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IRS requests a drop in funding for modernization program

Despite ongoing problems and delays with its multibillion-dollar modernization program to update aging networks, the Internal Revenue Service's requested budget for fiscal 2009 includes a 17 percent cut in the program's funding. The lower budget figure is expected to result in the elimination of at least 25 positions, according to a Treasury Department inspector general.

Comment on this article in The Forum.The IRS requested $222.7 million in fiscal 2009 for the modernization program, known as Business Systems Modernization, a cut of $44.4 million from fiscal 2008, the year the program received a 26 percent boost in funding from fiscal 2007. "This cut is expected to eliminate at least 25 employees," according to a statement that J. Russell George, Treasury inspector general for tax administration, provided the Senate Appropriations Subcommittee on Financial Services and General Government on April 16.

IRS started the modernization program in 1999 after a previously failed effort. Its goal is to modernize IRS technology and to consolidate the more than 400 legacy systems the agency uses. It involves integrating thousands of hardware and software components and maintaining the current tax system to provide better service to taxpayers.

Overall, the IRS requested $11.4 billion for fiscal 2009, a $469.1 million increase, or 4.3 percent more than fiscal 2008. Higher spending on tax enforcement, operations and the agency's Health Insurance Tax Credit Administration drove the increase, while the largest decrease in funding was in the Business Systems Modernization program.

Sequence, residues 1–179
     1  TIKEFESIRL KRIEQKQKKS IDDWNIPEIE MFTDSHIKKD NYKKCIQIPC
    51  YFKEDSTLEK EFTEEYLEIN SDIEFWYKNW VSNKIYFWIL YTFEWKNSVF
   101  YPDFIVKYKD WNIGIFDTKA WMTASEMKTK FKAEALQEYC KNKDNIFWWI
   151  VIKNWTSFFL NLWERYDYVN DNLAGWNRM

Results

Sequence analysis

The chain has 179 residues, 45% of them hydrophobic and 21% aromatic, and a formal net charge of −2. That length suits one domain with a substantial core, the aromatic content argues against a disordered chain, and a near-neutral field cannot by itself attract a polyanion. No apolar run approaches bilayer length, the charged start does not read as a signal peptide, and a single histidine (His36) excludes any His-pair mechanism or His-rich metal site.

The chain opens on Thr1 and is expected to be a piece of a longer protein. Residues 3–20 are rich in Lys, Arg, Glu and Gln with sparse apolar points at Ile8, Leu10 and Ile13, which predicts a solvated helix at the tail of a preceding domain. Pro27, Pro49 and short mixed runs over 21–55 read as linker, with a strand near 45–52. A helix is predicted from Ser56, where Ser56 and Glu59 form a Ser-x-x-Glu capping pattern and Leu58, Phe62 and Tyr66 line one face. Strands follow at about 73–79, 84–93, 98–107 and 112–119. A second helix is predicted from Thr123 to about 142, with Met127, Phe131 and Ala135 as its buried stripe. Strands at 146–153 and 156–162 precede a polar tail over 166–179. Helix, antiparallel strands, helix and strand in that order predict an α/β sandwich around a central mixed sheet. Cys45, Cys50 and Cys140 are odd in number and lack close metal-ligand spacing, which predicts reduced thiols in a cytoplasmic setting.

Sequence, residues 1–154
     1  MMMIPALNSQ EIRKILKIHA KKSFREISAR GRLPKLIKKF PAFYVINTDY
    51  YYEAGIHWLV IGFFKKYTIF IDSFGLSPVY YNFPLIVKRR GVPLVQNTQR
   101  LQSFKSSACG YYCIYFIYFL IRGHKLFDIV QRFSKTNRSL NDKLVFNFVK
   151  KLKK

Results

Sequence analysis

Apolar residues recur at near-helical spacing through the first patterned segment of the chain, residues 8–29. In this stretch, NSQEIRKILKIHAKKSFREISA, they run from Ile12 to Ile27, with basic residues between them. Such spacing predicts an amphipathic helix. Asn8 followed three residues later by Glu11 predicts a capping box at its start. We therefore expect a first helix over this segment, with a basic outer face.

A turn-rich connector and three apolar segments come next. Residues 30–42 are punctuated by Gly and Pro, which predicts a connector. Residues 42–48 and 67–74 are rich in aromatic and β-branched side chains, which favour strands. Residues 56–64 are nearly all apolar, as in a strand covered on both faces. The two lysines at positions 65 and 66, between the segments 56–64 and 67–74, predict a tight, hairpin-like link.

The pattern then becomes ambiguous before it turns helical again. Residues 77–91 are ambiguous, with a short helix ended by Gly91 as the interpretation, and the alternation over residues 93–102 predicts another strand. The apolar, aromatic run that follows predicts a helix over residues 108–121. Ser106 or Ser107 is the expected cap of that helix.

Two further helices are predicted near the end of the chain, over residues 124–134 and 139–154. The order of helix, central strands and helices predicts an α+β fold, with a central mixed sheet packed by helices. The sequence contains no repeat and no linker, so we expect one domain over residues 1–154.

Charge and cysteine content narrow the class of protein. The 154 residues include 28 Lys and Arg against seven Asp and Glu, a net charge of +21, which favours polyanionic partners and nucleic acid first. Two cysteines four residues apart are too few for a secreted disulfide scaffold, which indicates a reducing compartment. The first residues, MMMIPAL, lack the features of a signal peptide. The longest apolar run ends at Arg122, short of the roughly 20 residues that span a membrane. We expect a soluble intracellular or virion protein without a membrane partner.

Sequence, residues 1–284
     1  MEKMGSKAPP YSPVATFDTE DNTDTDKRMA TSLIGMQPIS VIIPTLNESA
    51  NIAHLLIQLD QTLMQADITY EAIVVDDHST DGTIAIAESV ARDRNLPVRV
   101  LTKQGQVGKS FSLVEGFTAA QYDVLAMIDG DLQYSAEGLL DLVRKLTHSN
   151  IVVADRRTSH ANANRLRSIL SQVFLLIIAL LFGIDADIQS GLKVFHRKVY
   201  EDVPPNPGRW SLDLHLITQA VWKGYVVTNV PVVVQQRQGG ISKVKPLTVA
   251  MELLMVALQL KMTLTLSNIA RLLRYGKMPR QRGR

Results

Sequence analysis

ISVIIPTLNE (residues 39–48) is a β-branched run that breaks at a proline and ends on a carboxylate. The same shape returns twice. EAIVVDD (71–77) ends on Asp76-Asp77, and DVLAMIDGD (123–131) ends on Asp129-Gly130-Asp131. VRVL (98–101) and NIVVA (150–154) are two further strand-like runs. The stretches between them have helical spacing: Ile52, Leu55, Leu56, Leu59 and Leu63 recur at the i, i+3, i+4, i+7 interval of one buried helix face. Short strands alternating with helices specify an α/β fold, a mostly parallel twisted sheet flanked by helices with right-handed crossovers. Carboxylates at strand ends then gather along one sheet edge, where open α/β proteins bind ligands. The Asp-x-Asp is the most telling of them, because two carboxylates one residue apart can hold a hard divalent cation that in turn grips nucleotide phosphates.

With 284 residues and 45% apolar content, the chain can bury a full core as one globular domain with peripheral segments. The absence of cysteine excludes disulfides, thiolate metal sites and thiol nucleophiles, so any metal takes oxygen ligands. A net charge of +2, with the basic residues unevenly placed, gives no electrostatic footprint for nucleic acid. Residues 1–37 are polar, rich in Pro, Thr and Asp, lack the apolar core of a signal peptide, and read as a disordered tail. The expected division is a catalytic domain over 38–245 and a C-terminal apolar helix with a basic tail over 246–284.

Despite the cuts, the IRS said it would be able to continue to work on the modernization effort, but the Government Accountability Office criticized the agency for not elaborating on its plans. "IRS stated that the requested BSM funding level will allow it to continue developing and delivering its primary modernization projects, but did not provide details on how plans to deliver specific projects or benefits to taxpayers would be affected," GAO noted.

GAO said the IRS has made progress in implementing BSM projects and meeting cost and schedule commitments for most deliverables, but added that several project milestones recently experienced significant cost or schedule delays. The IRS was unable to provide an interview before this article was posted to explain the reasons for the decrease.

"The modernization program should be past the halfway point in calendar year 2008," according to George's statement. "However, the IRS has not completed as many modernization projects as planned, because it has received less funding than initially anticipated and has had difficulties in managing the scope and complexity of the work."

George said the backbone of the modernization effort is the Customer Account Data Engine program, which is supposed to replace the existing Individual Master File processing system, a database of existing taxpayer information.

With CADE, the IRS will be able to update taxpayer information daily rather than once every two weeks, allowing employees access to the latest taxpayer information and reducing delays related to issuing tax returns. CADE has experienced significant schedule delays and cost overruns, according to GAO.

Another key program facing a large budget cut is the Modernized e-File program, which saw a $30 million drop in funding since. fiscal 2008. The project will establish a single, standardized format for filing electronic tax returns. Despite the cut, IRS told GAO that the proposed funding would enable it to continue to develop the program, but didn't to provide details. Still, George acknowledged in his statement that "modernization remains high risk for the IRS."

GAO also reported that the IRS has yet to follow its recommendation to develop a long-term plan for completing its modernization efforts and retiring legacy systems.

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